Preventing and Treating Stress Headaches

Preventing and Treating Stress Headaches

With stress levels at an all-time high, it is no wonder that increasingly more people are complaining about stress and tension headaches. We understand that they are linked to stress, but what actually happens when these hit in?

Tension headaches are the most common type of headache and may appear once or twice a month, daily or anywhere in between. For the majority, these headaches are mild and short-lived, but for some, the pain can carry on for several days. The pain tends to be throbbing, affecting the front, top and sides of the head. Most people experience pain around the back of the neck and in the muscles between the shoulder blades. Although some people experience light sensitivity, tension headaches generally do not affect vision and balance.

Stress is clearly the causal factor for these types of headaches and it is thought that the stress hormone, cortisol, causes the tightening of the muscles and nerves around the neck and head, resulting in reduced blood flow to the brain. There are of course other factors that may play a role in tension headaches and these include hormonal imbalances, magnesium deficiencies, poor diet and sleep disturbances.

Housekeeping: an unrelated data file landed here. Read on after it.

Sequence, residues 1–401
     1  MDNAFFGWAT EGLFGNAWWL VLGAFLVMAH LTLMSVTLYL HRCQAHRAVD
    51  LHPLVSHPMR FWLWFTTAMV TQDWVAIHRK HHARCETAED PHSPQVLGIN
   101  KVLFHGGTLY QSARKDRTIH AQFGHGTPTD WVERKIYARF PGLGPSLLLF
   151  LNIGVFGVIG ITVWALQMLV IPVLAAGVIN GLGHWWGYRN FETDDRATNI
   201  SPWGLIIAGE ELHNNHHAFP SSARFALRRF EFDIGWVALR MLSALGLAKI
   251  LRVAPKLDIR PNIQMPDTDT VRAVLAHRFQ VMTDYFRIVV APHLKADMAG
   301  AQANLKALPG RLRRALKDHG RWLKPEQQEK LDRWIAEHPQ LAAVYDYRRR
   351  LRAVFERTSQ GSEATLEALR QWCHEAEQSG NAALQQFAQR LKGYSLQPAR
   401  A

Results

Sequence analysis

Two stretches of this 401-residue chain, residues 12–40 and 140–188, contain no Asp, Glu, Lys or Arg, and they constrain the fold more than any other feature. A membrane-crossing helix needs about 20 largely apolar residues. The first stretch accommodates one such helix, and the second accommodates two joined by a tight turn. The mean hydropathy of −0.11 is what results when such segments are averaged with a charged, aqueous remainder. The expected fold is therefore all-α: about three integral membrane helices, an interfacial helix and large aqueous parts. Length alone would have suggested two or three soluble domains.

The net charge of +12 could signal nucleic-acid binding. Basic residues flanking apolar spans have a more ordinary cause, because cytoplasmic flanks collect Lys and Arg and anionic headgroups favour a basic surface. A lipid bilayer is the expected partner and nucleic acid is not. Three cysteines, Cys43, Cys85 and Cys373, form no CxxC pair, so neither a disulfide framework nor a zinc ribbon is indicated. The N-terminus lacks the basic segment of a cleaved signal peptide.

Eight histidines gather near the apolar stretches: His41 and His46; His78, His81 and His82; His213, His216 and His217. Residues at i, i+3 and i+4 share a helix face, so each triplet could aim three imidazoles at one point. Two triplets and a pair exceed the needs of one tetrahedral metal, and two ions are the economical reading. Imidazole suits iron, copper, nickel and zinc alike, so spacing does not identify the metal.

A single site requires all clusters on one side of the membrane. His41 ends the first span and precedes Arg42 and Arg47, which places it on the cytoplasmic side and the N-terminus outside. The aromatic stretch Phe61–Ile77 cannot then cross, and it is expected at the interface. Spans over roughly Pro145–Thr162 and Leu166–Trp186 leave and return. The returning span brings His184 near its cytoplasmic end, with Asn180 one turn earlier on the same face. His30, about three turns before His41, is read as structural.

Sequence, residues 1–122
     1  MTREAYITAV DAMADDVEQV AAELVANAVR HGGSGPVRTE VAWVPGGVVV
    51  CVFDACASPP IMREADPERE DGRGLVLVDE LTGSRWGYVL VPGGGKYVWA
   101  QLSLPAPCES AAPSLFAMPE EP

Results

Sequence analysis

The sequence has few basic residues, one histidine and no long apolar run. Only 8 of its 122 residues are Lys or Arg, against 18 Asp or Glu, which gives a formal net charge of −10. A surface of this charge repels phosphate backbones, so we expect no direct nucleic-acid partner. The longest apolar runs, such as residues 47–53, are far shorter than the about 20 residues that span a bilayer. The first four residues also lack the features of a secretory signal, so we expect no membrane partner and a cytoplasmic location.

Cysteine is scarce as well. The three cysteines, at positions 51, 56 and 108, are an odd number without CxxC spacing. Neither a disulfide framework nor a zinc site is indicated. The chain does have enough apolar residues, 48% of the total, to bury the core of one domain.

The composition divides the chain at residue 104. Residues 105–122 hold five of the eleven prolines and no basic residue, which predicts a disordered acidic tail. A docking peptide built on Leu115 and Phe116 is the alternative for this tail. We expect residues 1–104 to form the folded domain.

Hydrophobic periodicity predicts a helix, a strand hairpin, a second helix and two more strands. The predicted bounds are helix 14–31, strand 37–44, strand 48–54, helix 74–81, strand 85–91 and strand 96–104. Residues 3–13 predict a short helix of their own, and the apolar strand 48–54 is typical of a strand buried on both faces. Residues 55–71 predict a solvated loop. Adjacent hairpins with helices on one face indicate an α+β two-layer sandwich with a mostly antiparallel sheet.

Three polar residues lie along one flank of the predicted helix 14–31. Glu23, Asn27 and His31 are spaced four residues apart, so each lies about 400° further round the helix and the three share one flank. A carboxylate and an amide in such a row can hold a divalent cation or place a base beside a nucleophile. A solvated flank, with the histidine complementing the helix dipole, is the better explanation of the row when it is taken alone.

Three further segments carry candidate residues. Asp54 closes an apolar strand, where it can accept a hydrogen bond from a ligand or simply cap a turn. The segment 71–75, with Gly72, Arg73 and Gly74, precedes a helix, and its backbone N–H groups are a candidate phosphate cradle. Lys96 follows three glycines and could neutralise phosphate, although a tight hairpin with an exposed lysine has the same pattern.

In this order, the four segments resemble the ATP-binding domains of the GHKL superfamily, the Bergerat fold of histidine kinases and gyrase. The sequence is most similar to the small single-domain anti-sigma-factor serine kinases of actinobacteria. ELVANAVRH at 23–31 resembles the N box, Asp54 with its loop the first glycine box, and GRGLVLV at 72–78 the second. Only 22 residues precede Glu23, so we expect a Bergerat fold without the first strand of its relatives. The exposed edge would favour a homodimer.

Most people with tension headaches respond very favourably to magnesium supplementation; it is estimated that large numbers of the adult population are deficient in this very important mineral, which plays a vital role in over 300 biochemical reactions within our bodies. Magnesium plays a key role in energy production, stress response and hormone manufacture. Magnesium is also the key mineral for relaxation as it helps to relax muscles and nerves.

There are hundreds of magnesium supplements on the market, however the problem with magnesium supplementation is that magnesium is ill-absorbed by the body. The supplement that I tend to recommend is Neuro-Mag by Life Extension. This supplement contains a patented form of magnesium which has been shown to be taken up by the spinal cord and hence into the nerves in the brain where magnesium is required to relax the nerves.

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